Packing 6 VCAs + mixer in an 8HP DIY Eurorack module

The Zlob VnIcursal Vca is a 6 channel 8hp ota-based linear vca with an additional mix output that sums any of the 6 outputs when they are not patched.  The module is 35mm deep so it will most likely fit your skiff case. The panel is made of laser cut acrylic.

A fully built Vnicursal is $260 directly from Zlob, which is not bad considering you get 6 VCAs and a mixer.  I was feeling adventurous and opted for the cheaper $30 PCB+panel.  I say adventurous here not so much because you have to solder together the module, but rather because finding all the right parts is a bit of a scavenger hunt.  There are a couple of revisions of this module, and some of the information regarding the parts for these updates are scattered throughout the website and forums.  Nevertheless, Zlob replied promptly to a couple of questions via email and was very helpful. The DIY build ran me less than $100 in parts.

The dark royal blue laser-cut faceplate design looks pretty cool--it screams satanic cyber metal-head relic.  There is a lot of detail and the laser-cutting is very nicely executed, however, the acrylic panel itself is too think which makes it stick out just a little too much and later became slightly problematic when screwing on the 1/8" jack rings.  The picture below shows the faceplate with the protective tape layer still on.  You have to peel off this layer to see the deep-blue panel, but I left it on because I liked the look of it, almost stone-like (that didn't last too long).

The circuit boards are very impressive because of how tightly packed they are designed.  The labels are tiny and not too easy to read, but they are all there, which is really the important part.  This circuit board here is the main-board, which holds most of the components including the ota amps.

The control board pictured below looks a bit more spacious, but once you install the pots you realize that it also leaves very little space to spare.

This is how the control board looks once all of its components have been mounted.  Needless to say this was the easiest part of the project apart from the fact that I initially got the LED polarity wrong on a couple of LED's (I didn't know LED's were polar).

This is the back part of the control board once soldered.  The rows of pins will help assemble the main board, which has female connection points.  Notice the screw in the middle which is there to fasten a rod that allows the faceplate to be secured.

The main board is really a work of art in its design and it take a lot of patience as the through-hole components are tightly fitted.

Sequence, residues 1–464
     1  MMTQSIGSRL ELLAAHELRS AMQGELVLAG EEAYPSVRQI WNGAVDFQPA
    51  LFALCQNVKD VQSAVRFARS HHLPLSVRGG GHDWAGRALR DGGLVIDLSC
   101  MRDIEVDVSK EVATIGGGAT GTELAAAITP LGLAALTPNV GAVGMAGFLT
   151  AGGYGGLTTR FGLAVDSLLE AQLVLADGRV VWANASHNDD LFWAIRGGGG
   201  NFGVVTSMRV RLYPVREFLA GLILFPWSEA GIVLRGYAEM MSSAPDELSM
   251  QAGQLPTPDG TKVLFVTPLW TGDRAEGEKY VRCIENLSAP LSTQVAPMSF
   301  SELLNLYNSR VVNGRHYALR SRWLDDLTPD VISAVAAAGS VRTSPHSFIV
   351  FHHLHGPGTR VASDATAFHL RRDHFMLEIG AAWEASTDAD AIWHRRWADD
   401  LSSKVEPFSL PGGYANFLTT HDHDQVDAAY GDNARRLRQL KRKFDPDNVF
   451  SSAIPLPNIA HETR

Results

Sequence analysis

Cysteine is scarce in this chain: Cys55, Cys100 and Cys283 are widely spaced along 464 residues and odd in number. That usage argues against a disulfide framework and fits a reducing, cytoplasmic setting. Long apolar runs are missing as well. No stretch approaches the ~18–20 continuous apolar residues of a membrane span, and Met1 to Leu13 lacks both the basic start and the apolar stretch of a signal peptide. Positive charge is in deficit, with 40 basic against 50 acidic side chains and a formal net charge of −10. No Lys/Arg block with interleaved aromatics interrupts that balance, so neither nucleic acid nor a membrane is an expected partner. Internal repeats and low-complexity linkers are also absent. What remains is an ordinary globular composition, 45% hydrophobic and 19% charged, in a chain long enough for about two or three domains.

When looking at the back of the completed main board one can appreciate the amount of geek grease put into soldering these components.  I didn't even bother counting the solder points, but I will mention that I completed this with a cheap Radio Shack soldering iron which I had to sharpen on the sidewalk a couple of times...  true Neanderthal soldering methods went into this, but hey, it worked out fine.  The potentiometers at the bottom help you calibrate the knobs on the front side.  Also, this is only my 2nd DIY module, so if anyone is up for a challenge I say go for it.

Just a side-view of the main board giving you a slightly different angle of how the resistors coexist.

I had to be careful that none of the components were touching each other, but it was hardly an issue.  Again, the design is tight, but very well implemented.

Once both of the PCB's have been fully soldered you can sandwich them together and slap on the faceplate. Notice anything strange? Yes, I forgot to solder the power connector pins, which I realized as soon as I was ready to test the module.  Even worse, I had forgotten to order the part all together--talk about an anti-climatic ending.  Nevertheless, a local hardware store had the part, admittedly for 10x the cost vs. online, but I HAD to get it the same day to test it or I would loose my witts.

This is the complete module with the tape protection still on.  It lasted a few days, then I couldn't help peel it off, mostly because the 1/8" ring screws were barely hanging on due to the unusually thick acrylic panel..  Notice the black hex screw in the middle--I liked the aesthetic of it for this design much more than what's pictured on the website.

The Vnicursal VCA is now a central piece in my eurorack rig.  It is very tight to use in the patch section and the knob numbering order is, um, "interesting"? but the knob spacing is actually not bad at all.   I use it for virtually every patch I make, and for the money, I would highly recommend this module, especially the DIY version.  Just be ready to dig around for the right parts.

tags: 
audio production, gear, tech

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